The shooting suspect in Santa Clarita, Calif., has died one day after the attack at Saugus High School that killed two students. Authorities identified him as Nathaniel Tennosuke Berhow, 16, a junior at the school. Officials say he died at a hospital where he was being treated for a self-inflicted gunshot wound to the head.

Updated at 3:55 p.m. ET

A global megacorporation best known for Band-Aids and baby powder is now on the hook for about $107 million less than originally anticipated over its role in Oklahoma's opioid crisis.

In a judgment filed Friday, state District Judge Thad Balkman revised an earlier ruling against Johnson & Johnson and told the drugmaker to make a onetime payment of $465 million — not the $572 million he had originally ordered.

When President Obama signed the Family Smoking Prevention and Tobacco Control Act in 2009, it gave government regulators an important new weapon in its battle against Big Tobacco.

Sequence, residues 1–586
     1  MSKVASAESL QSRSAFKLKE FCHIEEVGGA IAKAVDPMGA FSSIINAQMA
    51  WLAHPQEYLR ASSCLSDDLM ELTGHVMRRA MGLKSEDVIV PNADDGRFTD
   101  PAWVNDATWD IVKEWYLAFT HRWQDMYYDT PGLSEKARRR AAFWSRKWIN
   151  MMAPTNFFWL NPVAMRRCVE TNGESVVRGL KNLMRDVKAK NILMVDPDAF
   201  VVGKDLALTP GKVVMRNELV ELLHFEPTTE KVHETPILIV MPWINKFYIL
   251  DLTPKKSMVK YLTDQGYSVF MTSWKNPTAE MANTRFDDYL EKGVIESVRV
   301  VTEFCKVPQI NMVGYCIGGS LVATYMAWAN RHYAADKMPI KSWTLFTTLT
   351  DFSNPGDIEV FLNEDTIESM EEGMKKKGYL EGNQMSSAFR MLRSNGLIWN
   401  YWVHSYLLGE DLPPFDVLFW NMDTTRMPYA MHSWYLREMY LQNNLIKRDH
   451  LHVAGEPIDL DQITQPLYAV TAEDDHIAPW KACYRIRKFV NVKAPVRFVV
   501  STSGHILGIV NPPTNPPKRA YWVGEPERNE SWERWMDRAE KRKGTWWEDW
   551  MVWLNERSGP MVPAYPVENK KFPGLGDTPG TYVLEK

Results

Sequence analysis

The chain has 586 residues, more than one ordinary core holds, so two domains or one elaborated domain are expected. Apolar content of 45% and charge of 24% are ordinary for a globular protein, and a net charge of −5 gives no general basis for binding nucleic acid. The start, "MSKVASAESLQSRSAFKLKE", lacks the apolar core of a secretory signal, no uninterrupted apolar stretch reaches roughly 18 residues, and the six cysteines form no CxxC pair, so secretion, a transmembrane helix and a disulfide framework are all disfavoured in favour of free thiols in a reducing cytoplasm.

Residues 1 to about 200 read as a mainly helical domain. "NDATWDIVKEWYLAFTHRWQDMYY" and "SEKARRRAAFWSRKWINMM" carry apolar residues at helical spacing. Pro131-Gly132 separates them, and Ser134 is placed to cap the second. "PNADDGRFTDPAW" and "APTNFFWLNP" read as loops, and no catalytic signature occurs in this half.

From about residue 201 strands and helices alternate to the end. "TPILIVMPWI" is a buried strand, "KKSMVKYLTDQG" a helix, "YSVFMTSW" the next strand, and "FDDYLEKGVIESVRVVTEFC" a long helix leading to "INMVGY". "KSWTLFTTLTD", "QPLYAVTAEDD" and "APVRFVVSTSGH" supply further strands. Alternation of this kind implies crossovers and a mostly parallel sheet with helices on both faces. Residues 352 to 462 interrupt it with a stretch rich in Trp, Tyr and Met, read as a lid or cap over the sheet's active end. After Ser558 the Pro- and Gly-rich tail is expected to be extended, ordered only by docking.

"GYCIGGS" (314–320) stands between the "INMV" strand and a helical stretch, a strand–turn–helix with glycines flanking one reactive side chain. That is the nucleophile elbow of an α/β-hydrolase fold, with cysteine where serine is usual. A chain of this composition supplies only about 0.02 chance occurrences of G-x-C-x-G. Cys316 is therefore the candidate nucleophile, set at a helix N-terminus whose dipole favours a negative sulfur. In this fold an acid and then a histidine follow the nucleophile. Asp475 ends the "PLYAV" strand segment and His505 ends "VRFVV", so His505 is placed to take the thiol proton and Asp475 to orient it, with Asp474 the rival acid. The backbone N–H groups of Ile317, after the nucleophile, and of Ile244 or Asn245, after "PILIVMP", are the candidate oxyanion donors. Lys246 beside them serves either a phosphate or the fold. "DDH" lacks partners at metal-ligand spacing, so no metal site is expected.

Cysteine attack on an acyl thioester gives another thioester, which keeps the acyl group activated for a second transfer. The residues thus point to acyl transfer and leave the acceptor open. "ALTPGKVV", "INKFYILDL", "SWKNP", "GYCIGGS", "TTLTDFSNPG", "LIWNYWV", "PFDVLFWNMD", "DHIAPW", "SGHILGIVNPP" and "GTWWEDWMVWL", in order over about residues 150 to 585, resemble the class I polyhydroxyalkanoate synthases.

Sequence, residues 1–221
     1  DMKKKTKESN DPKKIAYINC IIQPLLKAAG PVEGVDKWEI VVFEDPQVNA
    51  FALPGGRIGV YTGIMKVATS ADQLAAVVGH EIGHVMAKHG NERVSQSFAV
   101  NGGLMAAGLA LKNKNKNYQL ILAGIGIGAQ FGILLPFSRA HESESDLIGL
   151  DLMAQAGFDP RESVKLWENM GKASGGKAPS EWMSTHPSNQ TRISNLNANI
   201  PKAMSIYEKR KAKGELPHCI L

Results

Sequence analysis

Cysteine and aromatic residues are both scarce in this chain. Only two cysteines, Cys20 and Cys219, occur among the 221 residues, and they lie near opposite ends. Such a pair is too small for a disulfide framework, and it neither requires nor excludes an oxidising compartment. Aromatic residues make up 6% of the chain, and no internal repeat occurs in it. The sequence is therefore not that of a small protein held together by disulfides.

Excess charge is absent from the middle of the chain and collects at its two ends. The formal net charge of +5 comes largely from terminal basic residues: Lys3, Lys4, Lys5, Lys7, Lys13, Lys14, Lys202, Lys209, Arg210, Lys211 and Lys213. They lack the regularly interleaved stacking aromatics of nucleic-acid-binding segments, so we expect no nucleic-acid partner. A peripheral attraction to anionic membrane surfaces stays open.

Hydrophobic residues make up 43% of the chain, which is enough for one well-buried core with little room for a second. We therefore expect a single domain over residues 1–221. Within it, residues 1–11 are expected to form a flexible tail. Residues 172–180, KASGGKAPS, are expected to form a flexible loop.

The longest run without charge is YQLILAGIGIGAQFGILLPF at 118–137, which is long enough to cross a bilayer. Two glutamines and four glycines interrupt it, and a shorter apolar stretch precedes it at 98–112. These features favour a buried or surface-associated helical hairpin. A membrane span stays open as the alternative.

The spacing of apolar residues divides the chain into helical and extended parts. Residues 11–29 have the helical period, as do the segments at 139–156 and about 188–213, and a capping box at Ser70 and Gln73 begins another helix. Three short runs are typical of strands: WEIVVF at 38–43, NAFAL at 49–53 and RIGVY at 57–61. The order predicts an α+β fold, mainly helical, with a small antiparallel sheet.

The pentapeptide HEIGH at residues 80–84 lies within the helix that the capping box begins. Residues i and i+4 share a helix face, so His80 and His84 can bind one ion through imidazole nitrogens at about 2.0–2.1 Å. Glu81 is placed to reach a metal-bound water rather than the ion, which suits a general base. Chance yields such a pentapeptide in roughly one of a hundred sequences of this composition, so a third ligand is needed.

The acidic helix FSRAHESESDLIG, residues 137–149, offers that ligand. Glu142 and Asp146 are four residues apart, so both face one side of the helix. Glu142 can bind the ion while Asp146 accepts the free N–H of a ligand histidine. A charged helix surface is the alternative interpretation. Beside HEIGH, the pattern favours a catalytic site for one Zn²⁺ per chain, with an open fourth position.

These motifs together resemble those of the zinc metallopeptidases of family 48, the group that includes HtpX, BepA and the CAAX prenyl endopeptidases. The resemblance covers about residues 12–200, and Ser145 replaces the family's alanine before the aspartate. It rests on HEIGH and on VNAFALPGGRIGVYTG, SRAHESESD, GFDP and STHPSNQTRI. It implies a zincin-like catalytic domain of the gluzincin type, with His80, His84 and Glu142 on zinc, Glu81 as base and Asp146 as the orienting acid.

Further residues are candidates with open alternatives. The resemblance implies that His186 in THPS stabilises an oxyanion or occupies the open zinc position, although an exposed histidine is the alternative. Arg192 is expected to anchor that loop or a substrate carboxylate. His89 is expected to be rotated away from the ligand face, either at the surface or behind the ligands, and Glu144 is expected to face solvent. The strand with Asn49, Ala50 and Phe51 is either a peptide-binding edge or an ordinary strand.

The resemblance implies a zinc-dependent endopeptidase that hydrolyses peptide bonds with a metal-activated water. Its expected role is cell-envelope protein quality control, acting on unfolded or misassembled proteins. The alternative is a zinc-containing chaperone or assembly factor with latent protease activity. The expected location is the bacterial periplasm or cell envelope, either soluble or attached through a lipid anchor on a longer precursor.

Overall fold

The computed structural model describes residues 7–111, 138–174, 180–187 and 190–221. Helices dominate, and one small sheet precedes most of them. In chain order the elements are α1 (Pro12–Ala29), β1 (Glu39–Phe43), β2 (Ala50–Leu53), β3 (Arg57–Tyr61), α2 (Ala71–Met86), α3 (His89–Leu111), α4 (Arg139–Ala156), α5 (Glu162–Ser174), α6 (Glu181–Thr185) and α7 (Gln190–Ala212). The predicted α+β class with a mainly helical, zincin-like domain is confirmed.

For the first time, the Food and Drug Administration had the power to regulate the manufacturing, distribution and marketing of tobacco products, including the new and then-largely unknown practice of vaping.

A federal judge has ruled that a U.S.-born woman who traveled to Syria and joined ISIS is not an American citizen, even though the State Department had issued her a passport when she was a child and later renewed it.

Hoda Muthana, 25, was a student at the University of Alabama at Birmingham when she traveled to Syria. She is currently being held at a detention camp in northern Syria with her young son.

Updated at 4:18 p.m. ET

Democrats would be well-positioned to pick up two U.S. House seats currently held by Republicans under a redistricting plan approved by North Carolina lawmakers on Friday.